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Keywords:

  • BRCA1/2 mutations;
  • breast/ovarian cancer risk;
  • Jewish Israeli women;
  • Risk-reducing surgery

Abstract

  1. Top of page
  2. Abstract
  3. Patients and methods
  4. Results
  5. Discussion
  6. Acknowledgement
  7. References

The frequency of BRCA1 and BRCA2 mutations is higher in Israel than in almost all other countries. One strategy to reduce the burden of hereditary breast and ovarian cancers is to offer genetic testing followed by risk-reducing surgery (mastectomy and salpingo-oophorectomy) for mutation carriers. The extent to which Israeli women who carry mutations undergo these surgeries is not well characterized. Israeli women who are BRCA1 or BRCA2 mutation carriers and followed at a single high-risk clinic were asked to complete a questionnaire detailing their clinical histories at the time of genetic results disclosure and a follow-up questionnaire was completed 18 or more months thereafter. A total of 205 mutation carriers completed the questionnaires. Of 170 women with no cancer history, 84 (49%) had a risk-reducing bilateral salpingo-oophorectomy and 22 (13%) had a risk-reducing mastectomy. Five of 35 (14.3%) women with breast cancer opted for contralateral mastectomy. Approximately one half of Israeli women with a BRCA1 or BRCA2 mutation opt for risk-reducing oophorectomy, but the rate of risk-reducing mastectomy is only 13%.

Women with a BRCA1 or BRCA2 gene mutation are at high lifetime risk for developing both breast and ovarian cancer [1]. Options for prevention include primary chemoprevention (tamoxifen or oral contraceptives), heightened surveillance [annual magnetic resonance imaging (MRI)] [2, 3] and risk-reducing surgery – either mastectomy (RRM) or bilateral salpingo-oophorectomy (RRBSO) [4, 5]. Oophorectomy is associated with reductions in both the risks of breast and ovarian cancer [5]. The rates for these surgical procedures vary widely from country to country: RRM is performed on 3% of Polish BRCA1 mutation carriers [6] compared with 56% of carriers in the Netherlands [7-10]. On the basis of data collected a decade ago, the rates of uptake of RRM and RRBSO in Israel were reported to be 4% and 67%, respectively [6]. In the past decade, these surgeries have become more widely accepted in North America and Western Europe. We sought to know if the uptake of risk-reducing surgeries in Israel among genetically predisposed women has increased since the early 2000s and if these rates are comparable to those of other western countries.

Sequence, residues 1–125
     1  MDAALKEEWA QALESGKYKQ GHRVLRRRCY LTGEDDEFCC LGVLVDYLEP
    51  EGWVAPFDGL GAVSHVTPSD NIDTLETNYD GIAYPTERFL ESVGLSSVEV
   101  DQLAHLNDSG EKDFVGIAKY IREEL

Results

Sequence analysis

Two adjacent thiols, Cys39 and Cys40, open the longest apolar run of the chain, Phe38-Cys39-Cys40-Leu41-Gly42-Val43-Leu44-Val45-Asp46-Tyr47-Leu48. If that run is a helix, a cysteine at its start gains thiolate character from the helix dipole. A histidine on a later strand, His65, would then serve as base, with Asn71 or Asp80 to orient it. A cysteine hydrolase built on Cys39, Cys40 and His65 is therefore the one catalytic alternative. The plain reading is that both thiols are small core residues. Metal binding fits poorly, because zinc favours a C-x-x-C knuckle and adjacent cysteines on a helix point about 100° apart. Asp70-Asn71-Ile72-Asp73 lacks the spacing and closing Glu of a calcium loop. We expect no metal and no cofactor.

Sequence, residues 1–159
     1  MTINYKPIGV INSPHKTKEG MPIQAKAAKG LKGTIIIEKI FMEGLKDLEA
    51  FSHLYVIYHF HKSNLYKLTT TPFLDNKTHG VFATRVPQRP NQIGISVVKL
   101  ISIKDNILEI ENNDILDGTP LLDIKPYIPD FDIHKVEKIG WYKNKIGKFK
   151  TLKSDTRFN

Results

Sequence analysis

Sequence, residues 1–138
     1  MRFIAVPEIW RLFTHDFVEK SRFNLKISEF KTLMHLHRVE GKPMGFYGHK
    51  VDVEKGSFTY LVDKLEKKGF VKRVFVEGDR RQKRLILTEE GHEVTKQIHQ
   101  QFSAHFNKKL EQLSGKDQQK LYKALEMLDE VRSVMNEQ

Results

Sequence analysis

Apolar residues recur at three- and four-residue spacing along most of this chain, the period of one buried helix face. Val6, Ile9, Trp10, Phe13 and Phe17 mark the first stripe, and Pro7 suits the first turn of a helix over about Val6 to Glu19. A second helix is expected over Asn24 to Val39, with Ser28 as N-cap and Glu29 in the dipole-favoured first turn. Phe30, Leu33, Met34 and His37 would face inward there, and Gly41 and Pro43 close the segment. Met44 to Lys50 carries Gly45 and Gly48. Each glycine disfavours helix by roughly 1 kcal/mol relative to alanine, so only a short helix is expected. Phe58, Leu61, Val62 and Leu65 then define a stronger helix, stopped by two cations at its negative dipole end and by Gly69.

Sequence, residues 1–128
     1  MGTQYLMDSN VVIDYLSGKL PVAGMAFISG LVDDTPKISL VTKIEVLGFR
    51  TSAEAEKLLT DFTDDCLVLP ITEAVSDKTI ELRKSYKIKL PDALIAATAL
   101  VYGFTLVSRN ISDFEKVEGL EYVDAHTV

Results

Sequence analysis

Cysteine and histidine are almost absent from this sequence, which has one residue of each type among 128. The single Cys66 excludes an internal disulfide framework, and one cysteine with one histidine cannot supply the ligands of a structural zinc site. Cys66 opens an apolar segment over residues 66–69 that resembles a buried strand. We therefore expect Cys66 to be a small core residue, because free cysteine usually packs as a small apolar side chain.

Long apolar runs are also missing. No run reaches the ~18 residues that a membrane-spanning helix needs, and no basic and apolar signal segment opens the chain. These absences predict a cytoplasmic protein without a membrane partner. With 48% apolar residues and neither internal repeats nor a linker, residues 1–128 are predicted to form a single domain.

Patients and methods

  1. Top of page
  2. Abstract
  3. Patients and methods
  4. Results
  5. Discussion
  6. Acknowledgement
  7. References

Study population

Women aged 25 years or older who carried a pathogenic germline mutation in either the BRCA1 or BRCA2 gene were eligible for the study. Patients who were followed at the high-risk clinic of the Oncogenetics Unit of the Sheba Medical Center from 1 January 1998 to 31 December 2010 were eligible. The study was approved by the institutional ethics committee. Participants had been tested for one of three founder mutations in the Jewish population [185delAG 5382InsC (BRCA1) 6174delT (BRCA2)], with all mutations confirmed by direct sequencing, as previously described [11].

Data acquisition